----

Thoughts?  Any other examples of bookends that from certain episodes that struck you as particularly meaningful or interesting? 
 
 
( 26 hollers — Holler back )
shabazmatazshabazmataz on January 6th, 2012 09:58 pm (UTC)
I think the ending shot of Season 7 is always a scene that sticks out in my mind. It's a classic!

I'm going to dig through my DVDs and try to catch more of these.
lostboy_ljlostboy_lj on January 7th, 2012 12:47 am (UTC)
> I think the ending shot of Season 7 is always a scene that sticks out in my mind. It's a classic!

Isn't it, though? Along with what you have called that "Mona Lisa smile", it is one of the most beautifully composed shots I've seen in any film or video.
Anne: sad: buffy looks downnvrbnkisst on January 7th, 2012 12:22 am (UTC)
this entire post is made of absolute win!

The composition here is Knowledge, Faith and Love. If there is a better image on which to end a tale about heroes, I haven't seen it yet.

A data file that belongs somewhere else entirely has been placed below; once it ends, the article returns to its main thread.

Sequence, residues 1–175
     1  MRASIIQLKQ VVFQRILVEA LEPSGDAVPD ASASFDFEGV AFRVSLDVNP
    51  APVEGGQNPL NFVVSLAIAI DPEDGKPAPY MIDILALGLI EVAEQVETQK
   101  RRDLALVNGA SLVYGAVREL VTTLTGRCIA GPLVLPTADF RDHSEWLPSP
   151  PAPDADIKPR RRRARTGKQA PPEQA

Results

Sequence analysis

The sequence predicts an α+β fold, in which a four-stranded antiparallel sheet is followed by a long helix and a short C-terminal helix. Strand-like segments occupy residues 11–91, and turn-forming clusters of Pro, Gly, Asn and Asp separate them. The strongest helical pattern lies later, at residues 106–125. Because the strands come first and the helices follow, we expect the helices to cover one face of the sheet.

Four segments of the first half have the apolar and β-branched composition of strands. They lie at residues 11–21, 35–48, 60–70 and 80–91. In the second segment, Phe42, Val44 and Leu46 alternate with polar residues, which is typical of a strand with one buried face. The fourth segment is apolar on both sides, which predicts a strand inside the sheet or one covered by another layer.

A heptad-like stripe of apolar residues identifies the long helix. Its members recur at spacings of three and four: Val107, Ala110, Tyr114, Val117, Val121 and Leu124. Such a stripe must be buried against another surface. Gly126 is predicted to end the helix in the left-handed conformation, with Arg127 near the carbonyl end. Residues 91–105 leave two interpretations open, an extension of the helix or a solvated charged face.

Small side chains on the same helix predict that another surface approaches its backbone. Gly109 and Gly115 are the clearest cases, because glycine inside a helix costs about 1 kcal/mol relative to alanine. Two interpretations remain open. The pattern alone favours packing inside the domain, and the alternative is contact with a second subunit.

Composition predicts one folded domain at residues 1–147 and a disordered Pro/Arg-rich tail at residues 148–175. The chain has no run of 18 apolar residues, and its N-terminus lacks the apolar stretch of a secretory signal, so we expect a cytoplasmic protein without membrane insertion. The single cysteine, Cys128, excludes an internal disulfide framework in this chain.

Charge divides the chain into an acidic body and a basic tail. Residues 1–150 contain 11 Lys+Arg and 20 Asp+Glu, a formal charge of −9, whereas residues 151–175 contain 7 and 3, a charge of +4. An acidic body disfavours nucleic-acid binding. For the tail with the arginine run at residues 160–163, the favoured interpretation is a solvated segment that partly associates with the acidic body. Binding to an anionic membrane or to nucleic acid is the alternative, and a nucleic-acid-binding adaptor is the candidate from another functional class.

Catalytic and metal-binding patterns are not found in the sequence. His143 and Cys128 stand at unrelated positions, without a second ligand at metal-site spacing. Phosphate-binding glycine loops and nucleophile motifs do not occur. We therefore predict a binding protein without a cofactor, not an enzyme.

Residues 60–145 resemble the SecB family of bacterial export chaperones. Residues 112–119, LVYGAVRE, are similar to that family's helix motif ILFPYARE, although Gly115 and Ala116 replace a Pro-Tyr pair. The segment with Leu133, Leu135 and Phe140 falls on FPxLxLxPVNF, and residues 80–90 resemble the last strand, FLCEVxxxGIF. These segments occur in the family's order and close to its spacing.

SO LOVELY!!

When it comes to opening and closing images the one that I ALWAYS immediately go to (probably because of it's obviousness) is in "Surprise"
The first image has Buffy walking through a dream/nightmare, and the end of the episode has Angel waking up to an actual nightmare of becoming Angelus. The visual storytelling of that episode is remarkable!

I know there are more. I'll have to look for them and come back to you.
lostboy_ljlostboy_lj on January 7th, 2012 12:51 am (UTC)
Thanks, nvrbnkisst.

When it comes to opening and closing images the one that I ALWAYS immediately go to (probably because of it's obviousness) is in "Surprise"
The first image has Buffy walking through a dream/nightmare, and the end of the episode has Angel waking up to an actual nightmare of becoming Angelus. The visual storytelling of that episode is remarkable!